FSC diligently strives to be an industry leader in following federally mandated rules and regulations regarding the administration of a BMC-85 Property Broker’s Trust Agreement. We review all supplied documents to be sure that only valid claims are considered for payout against a trust. There are several categories of exemptions from federal economic regulation by the FMCSA. There are also certain categories of invalid claims:

Exemptions-

  1. The movement which occasioned your claim involved exempt commodities, such as agricultural products, horticultural products, dairy products, poultry or enumerated non-manufactured goods.


  2. It was an Intrastate movement and therefore not subject to Interstate Commerce regulation.


  3. Transportation involving prior or subsequent movements by rail (intermodal) or movements under terms of an airbill.


  4. Additional items incidental to the actual movement (e.g. trucks ordered not used, lumper or pallet fees).


Invalid-

  1. The movement which occasioned the claim did not occur within the effective term of the BMC-85 filing.


  2. A failure to establish legal liability (e.g. sufficient documentation to establish a contract existed between the broker and carrier was not provided).


  3. The trust has been exhausted.


On occasion, claimant’s attorneys contact us and insist that “federal regulations” require that the trustee pay their claims immediately; while other claimant attorneys insist that “federal regulations” require the trustee defer payment until their client has had an opportunity to obtain a judgment against the broker. While we understand that each claimant would like to be paid immediately, we have a fiduciary responsibility to handle all claimants equally and professionally. We have established guidelines in administering claims that are fair to the majority. We strictly adhere to those guidelines.

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4. What is the difference between a bond and a trust agreement?

The FMCSA requires a $75,000 surety instrument be filed for a transportation broker’s license. Both the BMC-84 (“bond”) and the BMC-85 (“trust agreement”) fulfill this requirement. The basic difference between the two is that a BMC-84 is issued by an insurance company while a BMC-85 is issued by a financial institution. An insurance adjuster may see thousands of claims per year but only a handful of those claims will involve a BMC-84. The claims adjuster’s lack of experience in BMC-84 claims, total volume of other claims and lack of accountability to the policy holder because of their discretion over the corpus of the bond inevitably leads to claims being paid too quickly and to the detriment of both the broker and other valid claimants. At FSC, all we do is handle claims against BMC-85 Trust Agreements. We faithfully uphold our fiduciary obligation to investigate all submitted claims. Proper investigation and adherence to the principles of good faith and fair dealing insure fraudulent claims do not get paid and monies remain available to pay valid claims.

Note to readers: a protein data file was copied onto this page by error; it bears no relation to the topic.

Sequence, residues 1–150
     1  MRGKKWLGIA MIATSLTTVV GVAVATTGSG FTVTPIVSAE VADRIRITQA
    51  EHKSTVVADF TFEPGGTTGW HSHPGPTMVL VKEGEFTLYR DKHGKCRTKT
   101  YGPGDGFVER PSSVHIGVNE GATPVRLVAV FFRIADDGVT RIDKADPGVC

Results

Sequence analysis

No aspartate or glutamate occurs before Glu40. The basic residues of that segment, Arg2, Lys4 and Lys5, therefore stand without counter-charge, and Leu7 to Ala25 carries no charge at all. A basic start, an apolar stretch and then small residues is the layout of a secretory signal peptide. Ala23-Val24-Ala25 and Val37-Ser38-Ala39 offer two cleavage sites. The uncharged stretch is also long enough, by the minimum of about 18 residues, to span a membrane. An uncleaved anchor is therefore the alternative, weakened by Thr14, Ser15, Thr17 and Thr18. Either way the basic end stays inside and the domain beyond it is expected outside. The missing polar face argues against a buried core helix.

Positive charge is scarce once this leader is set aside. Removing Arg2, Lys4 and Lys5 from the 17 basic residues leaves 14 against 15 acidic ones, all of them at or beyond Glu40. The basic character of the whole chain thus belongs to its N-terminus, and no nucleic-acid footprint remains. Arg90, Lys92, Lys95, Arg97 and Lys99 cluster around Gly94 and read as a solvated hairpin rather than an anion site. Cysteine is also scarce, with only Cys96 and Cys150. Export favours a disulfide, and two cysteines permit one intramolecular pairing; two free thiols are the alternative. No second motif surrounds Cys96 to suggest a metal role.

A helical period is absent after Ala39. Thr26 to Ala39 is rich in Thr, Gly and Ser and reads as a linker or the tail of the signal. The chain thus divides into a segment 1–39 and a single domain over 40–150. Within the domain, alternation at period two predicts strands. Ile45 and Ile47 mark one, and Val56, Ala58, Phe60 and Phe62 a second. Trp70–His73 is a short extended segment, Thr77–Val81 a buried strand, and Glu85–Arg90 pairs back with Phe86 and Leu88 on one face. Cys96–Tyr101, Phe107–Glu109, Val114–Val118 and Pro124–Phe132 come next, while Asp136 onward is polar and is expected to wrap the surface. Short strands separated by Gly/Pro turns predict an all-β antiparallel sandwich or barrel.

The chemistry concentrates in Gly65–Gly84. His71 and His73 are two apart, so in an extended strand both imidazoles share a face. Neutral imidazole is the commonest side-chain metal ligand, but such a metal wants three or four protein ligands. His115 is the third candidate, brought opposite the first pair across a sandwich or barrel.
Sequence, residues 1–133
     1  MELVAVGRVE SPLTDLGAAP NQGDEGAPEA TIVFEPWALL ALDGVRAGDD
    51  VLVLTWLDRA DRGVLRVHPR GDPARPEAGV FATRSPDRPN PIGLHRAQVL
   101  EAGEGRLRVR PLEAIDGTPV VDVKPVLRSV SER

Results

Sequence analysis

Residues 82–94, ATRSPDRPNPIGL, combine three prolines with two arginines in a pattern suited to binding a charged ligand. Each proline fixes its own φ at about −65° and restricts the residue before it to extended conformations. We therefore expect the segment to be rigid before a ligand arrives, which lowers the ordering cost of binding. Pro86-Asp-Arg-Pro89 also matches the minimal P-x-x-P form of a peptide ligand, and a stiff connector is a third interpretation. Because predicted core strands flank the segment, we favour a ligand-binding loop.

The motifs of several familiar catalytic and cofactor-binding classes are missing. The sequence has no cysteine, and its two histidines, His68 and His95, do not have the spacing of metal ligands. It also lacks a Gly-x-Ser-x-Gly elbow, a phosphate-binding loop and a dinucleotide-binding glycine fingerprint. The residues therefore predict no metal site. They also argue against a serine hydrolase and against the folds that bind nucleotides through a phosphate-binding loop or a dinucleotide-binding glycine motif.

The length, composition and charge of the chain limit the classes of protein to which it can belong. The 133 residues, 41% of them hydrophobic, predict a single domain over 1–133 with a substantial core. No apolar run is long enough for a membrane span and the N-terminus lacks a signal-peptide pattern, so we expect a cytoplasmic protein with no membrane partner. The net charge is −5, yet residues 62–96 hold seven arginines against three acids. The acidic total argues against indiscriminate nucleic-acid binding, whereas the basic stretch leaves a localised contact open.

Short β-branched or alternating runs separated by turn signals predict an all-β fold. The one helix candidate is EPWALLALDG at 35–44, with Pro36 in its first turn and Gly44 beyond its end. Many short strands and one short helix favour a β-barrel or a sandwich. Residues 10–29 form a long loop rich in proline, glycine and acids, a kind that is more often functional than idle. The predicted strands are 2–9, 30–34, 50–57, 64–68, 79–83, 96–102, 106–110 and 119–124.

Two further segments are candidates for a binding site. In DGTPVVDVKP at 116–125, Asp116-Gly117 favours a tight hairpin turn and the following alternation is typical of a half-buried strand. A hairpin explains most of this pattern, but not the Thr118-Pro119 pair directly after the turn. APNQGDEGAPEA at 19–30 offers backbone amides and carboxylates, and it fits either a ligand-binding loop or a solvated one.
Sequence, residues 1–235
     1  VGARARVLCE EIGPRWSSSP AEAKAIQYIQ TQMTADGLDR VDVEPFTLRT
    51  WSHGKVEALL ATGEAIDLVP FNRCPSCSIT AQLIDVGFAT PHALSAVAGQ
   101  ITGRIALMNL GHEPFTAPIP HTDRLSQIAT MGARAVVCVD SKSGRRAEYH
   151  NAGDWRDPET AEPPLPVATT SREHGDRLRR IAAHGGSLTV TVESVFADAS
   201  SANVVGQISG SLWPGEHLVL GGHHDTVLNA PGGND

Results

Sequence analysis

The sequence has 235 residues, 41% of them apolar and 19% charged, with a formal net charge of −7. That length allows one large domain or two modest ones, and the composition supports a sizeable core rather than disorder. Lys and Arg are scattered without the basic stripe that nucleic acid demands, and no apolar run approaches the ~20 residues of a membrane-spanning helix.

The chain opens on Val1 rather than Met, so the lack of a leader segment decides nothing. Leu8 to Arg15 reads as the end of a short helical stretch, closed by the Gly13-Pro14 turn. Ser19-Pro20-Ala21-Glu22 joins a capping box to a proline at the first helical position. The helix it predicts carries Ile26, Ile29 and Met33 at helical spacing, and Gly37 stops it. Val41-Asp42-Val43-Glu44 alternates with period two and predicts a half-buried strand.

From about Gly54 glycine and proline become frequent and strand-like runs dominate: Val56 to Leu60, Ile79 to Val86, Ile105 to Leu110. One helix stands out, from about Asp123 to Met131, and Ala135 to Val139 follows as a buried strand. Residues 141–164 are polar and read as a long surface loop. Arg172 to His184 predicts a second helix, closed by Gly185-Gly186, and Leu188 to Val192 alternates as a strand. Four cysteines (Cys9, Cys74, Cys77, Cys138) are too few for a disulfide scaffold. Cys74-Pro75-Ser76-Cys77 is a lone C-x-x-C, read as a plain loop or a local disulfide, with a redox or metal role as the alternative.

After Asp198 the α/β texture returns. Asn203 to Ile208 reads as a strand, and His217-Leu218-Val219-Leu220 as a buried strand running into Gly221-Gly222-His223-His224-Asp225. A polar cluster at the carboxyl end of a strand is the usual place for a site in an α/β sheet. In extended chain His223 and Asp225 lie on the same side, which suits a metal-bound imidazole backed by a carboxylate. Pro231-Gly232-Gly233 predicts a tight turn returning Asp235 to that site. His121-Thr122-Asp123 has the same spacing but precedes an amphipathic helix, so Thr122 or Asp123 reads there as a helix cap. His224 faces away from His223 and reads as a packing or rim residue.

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5. Does pursuing a claim against a trust agreement mean forgoing other avenues of recovery?

It is often not possible for Trustees to distribute funds to all valid claims against a $10,000 federal surety instrument. Claimants often seek multiple options for recovery. FSC asks that claimants contact us if they receive payment from another source so that we can record any full or partial payments against the total amount due on a claim. In some instances, carriers unable to collect the full amount of freight charges from the surety instrument can proceed collaterally against the underlying shipper or consignee. You should contact legal counsel in your State to determine if that option is available in your circumstances.

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6. How to contact the Federal Motor Carrier Safety Administration (FMCSA)?

  1. For general FMCSA website information, visit www.fmcsa.dot.gov


  2. To access information about a carrier or broker visit http://li-public.fmcsa.dot.gov


  3. For a list of exempt commodities visit www.fmcsa.dot.gov/documents/adminrule.pdf